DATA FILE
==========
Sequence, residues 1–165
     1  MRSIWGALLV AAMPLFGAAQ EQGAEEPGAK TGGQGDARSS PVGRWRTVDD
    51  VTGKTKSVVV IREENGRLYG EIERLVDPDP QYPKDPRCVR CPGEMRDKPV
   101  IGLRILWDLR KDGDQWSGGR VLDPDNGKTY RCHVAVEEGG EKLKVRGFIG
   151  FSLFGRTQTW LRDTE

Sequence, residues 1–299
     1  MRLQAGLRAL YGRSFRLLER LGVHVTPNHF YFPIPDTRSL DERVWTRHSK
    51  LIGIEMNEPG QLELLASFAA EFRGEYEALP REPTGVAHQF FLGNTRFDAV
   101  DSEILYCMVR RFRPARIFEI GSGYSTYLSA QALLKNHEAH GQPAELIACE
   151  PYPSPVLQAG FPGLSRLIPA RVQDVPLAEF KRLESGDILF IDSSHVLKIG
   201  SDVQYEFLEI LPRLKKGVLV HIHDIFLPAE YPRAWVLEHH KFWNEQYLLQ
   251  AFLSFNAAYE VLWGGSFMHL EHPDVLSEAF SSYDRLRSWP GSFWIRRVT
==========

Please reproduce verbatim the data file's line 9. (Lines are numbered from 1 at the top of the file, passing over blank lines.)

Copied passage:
   101  DSEILYCMVR RFRPARIFEI GSGYSTYLSA QALLKNHEAH GQPAELIACE